Come Dine With Me

Since Lindsey is very keen on it, I’ve taken the unusual step of watching some episodes of Come Dine With Me on C4’s catch-up site.  I say unusual, bearing in mind that I watch very comparatively little TV at any time, and when I do it’s often movies on DVD.  Like the Apprentice, it’s the sort of cringeworthy programme I watch between my fingers which chewing a cushion in utter despair and anguish.

Logically I should take an interest in this programme, since its apparent subject matter is food, or, to be strictly accurate, dinner parties hosted by each contestant in turn, then marked in secret by each guest.  The winner takes home £1,000 and the rest just get their hour of reality TV fame… at a cost.

If it were about food I would sit up and take a keener interest… but purist foodie show it ain’t, and that’s where the cost comes in.  The real point of the show is to bring out the worst in people, exploit their most appalling characteristics then bounce them off one another – people chosen expressively to rub one another up the wrong way – under the mercilessly unforgiving microscope of a TV camera and the sneeringly sardonic voiceover commentary of an actor by the name of Dave Lamb.

Every kitchen cock-up, every faddy dislike, every drunken verbal faux-pas is recorded and broadcast; every shade of devious manipulation, every shrill outburst, every catty remark, the lot – it’s all on screen for millions to tut at.  Every contestant becomes a sad and often grotesque parody of themselves, prostituting their dignity, having their home scrutinised and their cooking nit-picked just for a chance to win a grand.

Would you want to do it?  Well, I could use a thousand smackers and I can cook pretty well, but I would have to be scraping the barrel to undergo that sort of torture.  And in any case, I would not be the type they chose – too polite and gracious, not the kind to slag off anybody who had just fed me dinner.

But then, everybody probably thinks of themselves like that… until the camera is pointing at them.  Something strange happens then.  Would these dinner parties continue so explosively were the cameras not there?  Would people be so bitchy if they did not have to manoeuvre and wind each other up to outscore the opposition and win the price? Almost certainly not!

Some of the comments are clearly designed to justify giving others low scores while playing themselves to the gallery in the hope of prize-winning scores, though sometimes they are rumbled.  Comments on the food are probably justified, though the scores often bear no relation to the quality or the presentation, nor indeed of how good the host has been or the entertainments he or she put on.  A beautifully elegant dish might be dismissed as being “too easy” or because “I don’t like X” or “not up to my high standards.”  In real life they are probably shrinking violets who would not say boo to a goose.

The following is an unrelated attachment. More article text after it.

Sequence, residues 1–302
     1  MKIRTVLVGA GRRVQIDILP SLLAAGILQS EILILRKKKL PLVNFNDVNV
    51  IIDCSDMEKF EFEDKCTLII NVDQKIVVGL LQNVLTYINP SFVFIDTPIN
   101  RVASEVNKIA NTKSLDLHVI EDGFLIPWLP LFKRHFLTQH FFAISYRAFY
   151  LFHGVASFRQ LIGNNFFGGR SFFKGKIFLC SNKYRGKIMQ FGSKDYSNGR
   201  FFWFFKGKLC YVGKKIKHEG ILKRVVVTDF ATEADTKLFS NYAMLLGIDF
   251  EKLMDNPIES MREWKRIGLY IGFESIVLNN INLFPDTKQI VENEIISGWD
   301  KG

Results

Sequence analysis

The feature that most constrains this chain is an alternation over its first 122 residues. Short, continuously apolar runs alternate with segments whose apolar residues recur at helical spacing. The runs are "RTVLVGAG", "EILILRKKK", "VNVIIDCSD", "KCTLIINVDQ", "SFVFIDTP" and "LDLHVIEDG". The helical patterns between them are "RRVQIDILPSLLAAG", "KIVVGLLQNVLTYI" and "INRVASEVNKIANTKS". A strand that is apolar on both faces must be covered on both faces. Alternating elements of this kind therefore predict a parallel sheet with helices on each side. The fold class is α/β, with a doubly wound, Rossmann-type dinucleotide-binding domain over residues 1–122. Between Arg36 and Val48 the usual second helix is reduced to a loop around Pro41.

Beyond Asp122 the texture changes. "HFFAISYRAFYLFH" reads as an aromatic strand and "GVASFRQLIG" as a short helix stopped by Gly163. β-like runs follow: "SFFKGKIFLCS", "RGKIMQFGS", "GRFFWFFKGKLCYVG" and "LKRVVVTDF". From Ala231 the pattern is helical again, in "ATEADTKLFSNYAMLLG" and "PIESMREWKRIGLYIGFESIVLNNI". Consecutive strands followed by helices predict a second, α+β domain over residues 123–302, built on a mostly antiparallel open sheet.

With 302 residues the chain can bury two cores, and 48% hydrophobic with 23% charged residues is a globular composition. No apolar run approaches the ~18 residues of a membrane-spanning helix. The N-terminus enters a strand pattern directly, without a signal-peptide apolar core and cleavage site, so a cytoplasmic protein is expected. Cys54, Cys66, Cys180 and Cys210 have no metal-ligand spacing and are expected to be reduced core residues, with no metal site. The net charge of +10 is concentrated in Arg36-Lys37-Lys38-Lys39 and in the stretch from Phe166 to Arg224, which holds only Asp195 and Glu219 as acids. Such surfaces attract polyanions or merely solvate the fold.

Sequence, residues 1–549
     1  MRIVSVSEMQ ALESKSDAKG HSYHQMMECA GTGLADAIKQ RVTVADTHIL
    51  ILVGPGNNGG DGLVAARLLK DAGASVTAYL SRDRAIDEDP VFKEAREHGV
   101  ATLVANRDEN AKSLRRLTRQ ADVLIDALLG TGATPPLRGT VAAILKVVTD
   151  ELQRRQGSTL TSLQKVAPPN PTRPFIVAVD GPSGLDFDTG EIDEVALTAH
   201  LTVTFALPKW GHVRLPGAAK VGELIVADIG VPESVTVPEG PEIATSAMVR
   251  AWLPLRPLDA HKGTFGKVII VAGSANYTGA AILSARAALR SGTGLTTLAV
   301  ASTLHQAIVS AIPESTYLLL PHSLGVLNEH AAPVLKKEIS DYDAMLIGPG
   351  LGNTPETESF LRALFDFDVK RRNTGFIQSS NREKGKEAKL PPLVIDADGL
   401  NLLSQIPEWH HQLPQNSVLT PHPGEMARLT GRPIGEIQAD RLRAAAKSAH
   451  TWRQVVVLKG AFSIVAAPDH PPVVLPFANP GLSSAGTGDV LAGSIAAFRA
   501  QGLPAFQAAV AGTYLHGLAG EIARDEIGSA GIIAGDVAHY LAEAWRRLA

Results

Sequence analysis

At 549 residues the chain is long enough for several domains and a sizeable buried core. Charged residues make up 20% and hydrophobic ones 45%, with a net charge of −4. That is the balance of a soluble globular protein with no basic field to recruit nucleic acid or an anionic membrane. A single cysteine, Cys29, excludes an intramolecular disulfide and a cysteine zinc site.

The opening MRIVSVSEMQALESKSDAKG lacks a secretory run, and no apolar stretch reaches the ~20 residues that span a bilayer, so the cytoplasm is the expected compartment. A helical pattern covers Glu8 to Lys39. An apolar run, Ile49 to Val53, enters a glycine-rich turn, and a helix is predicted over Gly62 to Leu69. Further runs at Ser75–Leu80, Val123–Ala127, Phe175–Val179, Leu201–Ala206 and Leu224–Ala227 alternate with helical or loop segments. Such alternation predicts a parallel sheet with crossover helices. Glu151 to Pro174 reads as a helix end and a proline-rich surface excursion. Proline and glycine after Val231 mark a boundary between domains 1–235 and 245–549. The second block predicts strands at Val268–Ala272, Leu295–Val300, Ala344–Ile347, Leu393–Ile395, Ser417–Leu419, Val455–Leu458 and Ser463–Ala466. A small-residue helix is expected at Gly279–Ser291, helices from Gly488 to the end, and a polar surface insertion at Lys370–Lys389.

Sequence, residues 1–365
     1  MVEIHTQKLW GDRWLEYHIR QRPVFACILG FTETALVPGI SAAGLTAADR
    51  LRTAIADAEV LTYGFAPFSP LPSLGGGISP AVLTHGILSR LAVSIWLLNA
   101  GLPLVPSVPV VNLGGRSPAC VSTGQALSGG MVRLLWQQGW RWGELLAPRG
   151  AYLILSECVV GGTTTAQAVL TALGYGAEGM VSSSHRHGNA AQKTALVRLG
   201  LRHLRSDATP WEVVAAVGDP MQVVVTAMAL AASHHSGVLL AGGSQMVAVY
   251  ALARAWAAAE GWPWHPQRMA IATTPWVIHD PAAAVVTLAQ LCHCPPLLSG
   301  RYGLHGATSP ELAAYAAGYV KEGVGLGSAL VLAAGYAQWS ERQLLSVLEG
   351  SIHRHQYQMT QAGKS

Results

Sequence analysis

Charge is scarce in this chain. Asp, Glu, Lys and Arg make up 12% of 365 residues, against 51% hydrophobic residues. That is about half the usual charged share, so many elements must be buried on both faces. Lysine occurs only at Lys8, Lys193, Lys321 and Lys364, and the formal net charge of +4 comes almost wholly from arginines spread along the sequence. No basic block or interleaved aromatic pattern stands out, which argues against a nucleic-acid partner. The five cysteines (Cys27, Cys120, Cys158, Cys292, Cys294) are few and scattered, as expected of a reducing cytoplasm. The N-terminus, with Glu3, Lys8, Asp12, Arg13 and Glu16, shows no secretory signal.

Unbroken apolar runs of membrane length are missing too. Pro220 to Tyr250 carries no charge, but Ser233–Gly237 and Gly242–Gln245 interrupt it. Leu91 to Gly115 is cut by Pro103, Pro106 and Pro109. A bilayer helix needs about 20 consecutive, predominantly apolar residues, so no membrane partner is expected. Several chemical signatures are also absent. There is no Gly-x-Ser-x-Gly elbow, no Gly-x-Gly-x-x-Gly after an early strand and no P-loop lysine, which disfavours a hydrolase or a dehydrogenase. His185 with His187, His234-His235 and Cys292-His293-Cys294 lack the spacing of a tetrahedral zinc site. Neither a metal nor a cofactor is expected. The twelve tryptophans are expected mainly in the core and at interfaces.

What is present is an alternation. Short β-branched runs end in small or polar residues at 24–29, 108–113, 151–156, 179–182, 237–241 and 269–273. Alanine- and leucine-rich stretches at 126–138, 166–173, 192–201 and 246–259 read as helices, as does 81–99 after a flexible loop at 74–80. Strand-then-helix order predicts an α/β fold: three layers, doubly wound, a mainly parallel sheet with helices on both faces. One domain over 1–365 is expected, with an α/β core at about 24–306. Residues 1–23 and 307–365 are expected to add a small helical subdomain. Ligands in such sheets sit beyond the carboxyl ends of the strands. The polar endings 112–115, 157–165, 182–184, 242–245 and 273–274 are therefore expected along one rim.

What you do have, and for many it is richly entertaining, is a lesson in the psychology of group dynamics with a good helping of game-playing thrown in for good measure.  No doubt the programme-makers rub their hands in glee whenever a contestant lacking in mental robustness flies off the handle and launches into an (expletive deleted) rant or bursts into tears, but you do fear for the people and their long-term mental health after such an ordeal.

And indeed you wonder what happens off-camera: a team of counsellors to ensure that nobody walks out in a huff or ends up being sectioned as a result of the narcissistic cruelty exhibited within the programme?  Surely they all knew what they were letting themselves in for when they signed up?  Maybe they thought they knew but put it to the back of their minds, but it makes you wonder how seriously the programme makers take their responsibility for the people they subject to this ritual humiliation.

That said, I can remember occasions when formal dinners or parties went askew in real life, including a Christmas party dinner for my dad’s office crowd that ended up with one drunken guest (male) hitting another drunken guest (female) and being sent home to cool his heels.  I guess that bloke did not work there long after that episode!

Whenever I’ve held dinner parties, I generally make sure I know what the guests do and don’t like, something that never happens on CDWM since they have to announce their menus in advance.  The only concession to preferences is that they are told if they have vegetarian guests, though veggies will still have to put up with the sight of carnivores stuffing their faces with meat.

I’ve also tried to pick a compatible group of people – with some common interest or theme that guarantees a fascinating conversation over the table and thereafter.  In other words, to make for mutual respect and admiration, whether or not they agree, rather than deliberately guaranteeing conflict and guests at one another’s throats.  To do otherwise makes for a zoo, but that is what makes for entertaining TV in the opinion of the majority; dinner party conversation about the respective merits of Ibsen and Chekhov may not draw in the same audience, for example (not that that is the topic for discussion at my parties!)

So do enjoy the psychology of competitors trying to sound civilised, air-kissing cheeks and offering wine and flowers while simultaneously slipping the stiletto between the shoulder blades.  Just don’t invite any of them to my house!


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